FIN 48, now included in ASC Topic 740 (Income Taxes) under the Financial Accounting Standards Board’s Codification, was issued in 2006 and after two one-year deferrals became effective for all entities issuing financial statements under Generally Accepted Accounting Principles (GAAP) for years beginning after December 15, 2008.  FIN 48 was issued as an interpretation of FASB Statement 109, Accounting for Income Taxes, with the intent of reducing the diversity of practice in financial accounting for income taxes, including U.S. federal, state and local taxes as well as foreign taxes.  A major component of FIN 48 is that its reach includes all statutory open tax years, not just the accounting reporting year.  This requires that each year is looked at on a cumulative basis.  Entities that report on a non-GAAP basis, such as International Financial Reporting Standards (IFRS), are not subject to FIN 48.  FIN 48 has become a hot topic for fund managers and their auditors.  Given the complicated nature of fund structures, global investment strategies and the variety of financial products that managers invest in, it is an important area, and one to which managers should allocate sufficient resources.  In a guest article, Michael Laveman, a Partner at EisnerAmper LLP, discusses in detail the four-step process for adoption of and compliance with FIN 48.

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  • From Vol. 3 No.43 (Nov. 5, 2010)

    Structuring, Valuation, Fee Calculation and Other Legal and Accounting Considerations in Connection with Hedge Fund General Redemption Provisions, Lock-Up Periods, Side Pockets, Gates, Redemption Suspensions and Special Purpose Vehicles

    Due to the recent financial crisis, the hedge fund industry has experienced significant investor redemptions along with reduced availability of credit and leverage from prime brokers and other financial institutions.  As a result, certain shortcomings have been revealed in the way hedge funds have been managed, including liquidity mismatches identified between investment portfolio assets and liabilities and redemption restriction provisions contained in fund offering documents.  The liquidity mismatch dilemma was quite a shock for many hedge fund investors who were unable to withdraw capital according to required redemption terms upon the freezing of the credit markets.  Redemption restriction provisions such as lock-ups and gates have become commonplace as hedge funds have evolved from traditional strategies which primarily invested in liquid securities.  Hedge fund offering documents generally contain multiple liquidity provisions that enable fund managers to manage the liquidity needs of investors without selling assets at distressed prices or disposing of liquid assets while leaving the most illiquid investments to remaining investors.  Financial statements of hedge funds prepared in accordance with accounting principles generally accepted in the United States (“US GAAP”) usually contain disclosures of liquidity provisions specified in the fund offering documents.  In a guest article, Fredric S. Burak and Cindy Shen, both partners at EisnerAmper LLP, generally discuss the various liquidity provisions contained in hedge fund offering documents as well as the relevant accounting and financial statement reporting requirements and practices related to such provisions.  Specifically, Burak and Shen describe market practice regarding structuring of redemption provisions, including discussions of Accounting Standards Codification Topic 480 (formerly FAS 150), frequency of permitted redemptions, holdback provisions and in-kind distributions; lock-up periods, including discussions of “hard” and “soft” lock-ups and the use of sub-accounts within capital accounts; investor-level and fund-level gates and related disclosure considerations; suspensions of redemptions; side pockets and designated investments (i.e., investments placed in side pockets); the interplay between valuation of designated investments, US GAAP and the Custody Rule; calculation of management and performance fees with respect to designated investments; reporting performance of designated investments; structuring, fees and books and records considerations in connection with special purpose vehicles; and market color with respect to: typical length of lock-up periods, the relationship between strategy and length of lock-up; investor receptivity to various lock-up period lengths, percentage of assets typically subject to a gate on any redemption date, the “market” for the number of successive redemption dates to which excess redemptions may be carried over, opt-out rights with respect to side-pockets and renewed SEC attention on disclosure relating to side pockets.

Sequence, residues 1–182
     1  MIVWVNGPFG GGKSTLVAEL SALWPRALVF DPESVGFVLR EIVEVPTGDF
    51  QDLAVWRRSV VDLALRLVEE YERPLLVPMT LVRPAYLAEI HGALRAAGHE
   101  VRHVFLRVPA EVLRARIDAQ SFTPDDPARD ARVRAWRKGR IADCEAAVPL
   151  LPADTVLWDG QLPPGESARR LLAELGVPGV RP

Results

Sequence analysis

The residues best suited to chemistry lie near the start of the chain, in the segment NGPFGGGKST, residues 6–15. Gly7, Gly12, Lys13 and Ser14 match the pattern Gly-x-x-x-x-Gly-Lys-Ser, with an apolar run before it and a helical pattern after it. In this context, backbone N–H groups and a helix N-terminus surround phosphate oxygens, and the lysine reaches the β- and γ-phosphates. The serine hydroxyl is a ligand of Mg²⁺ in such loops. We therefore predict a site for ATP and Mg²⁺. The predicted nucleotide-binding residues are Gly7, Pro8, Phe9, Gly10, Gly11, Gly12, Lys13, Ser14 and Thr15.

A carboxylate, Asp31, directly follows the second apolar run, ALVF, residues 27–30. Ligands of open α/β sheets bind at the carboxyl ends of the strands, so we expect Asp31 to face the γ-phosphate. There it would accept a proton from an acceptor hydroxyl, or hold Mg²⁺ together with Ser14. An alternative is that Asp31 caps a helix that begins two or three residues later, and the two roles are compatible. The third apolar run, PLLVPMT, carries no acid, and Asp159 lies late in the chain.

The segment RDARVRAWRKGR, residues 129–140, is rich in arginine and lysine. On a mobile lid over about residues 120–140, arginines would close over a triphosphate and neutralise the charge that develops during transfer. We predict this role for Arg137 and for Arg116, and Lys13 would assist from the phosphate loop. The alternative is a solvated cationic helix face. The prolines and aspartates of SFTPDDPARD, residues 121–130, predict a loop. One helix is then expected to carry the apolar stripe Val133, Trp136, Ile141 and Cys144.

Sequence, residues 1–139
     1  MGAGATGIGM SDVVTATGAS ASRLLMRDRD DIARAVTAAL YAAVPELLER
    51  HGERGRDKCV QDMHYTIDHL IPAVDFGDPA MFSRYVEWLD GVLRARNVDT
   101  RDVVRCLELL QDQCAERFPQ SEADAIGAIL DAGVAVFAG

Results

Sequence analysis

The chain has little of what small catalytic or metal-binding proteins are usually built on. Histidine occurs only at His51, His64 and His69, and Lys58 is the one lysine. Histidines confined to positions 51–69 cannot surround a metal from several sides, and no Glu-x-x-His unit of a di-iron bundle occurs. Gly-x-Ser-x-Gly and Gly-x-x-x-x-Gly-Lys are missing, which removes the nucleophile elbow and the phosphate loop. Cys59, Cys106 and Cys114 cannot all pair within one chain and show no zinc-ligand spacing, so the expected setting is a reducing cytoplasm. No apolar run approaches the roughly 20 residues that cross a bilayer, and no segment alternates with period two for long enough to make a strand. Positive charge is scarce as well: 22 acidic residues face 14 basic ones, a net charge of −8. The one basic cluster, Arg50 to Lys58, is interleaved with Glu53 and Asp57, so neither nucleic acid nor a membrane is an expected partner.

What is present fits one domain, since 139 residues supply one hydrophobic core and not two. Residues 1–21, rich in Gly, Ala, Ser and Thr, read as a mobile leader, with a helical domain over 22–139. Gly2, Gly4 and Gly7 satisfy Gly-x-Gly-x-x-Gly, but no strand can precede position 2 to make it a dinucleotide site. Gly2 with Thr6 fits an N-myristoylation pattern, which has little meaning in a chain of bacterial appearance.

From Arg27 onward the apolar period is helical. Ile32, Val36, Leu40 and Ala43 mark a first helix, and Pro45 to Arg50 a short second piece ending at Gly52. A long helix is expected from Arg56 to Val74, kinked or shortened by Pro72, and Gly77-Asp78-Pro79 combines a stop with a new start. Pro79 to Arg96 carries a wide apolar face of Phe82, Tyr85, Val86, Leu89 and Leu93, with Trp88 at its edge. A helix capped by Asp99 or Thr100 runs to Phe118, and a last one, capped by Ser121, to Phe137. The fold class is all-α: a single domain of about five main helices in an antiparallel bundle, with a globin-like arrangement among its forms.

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  • From Vol. 3 No.34 (Aug. 27, 2010)

    Foundation for Accounting Education’s “2010 Hedge Funds and Alternative Investments” Conference Focuses on Taxation of Hedge Funds and Hedge Fund Managers, Structuring, Valuation, Risk Management, Due Diligence, Insurance and Regulatory Developments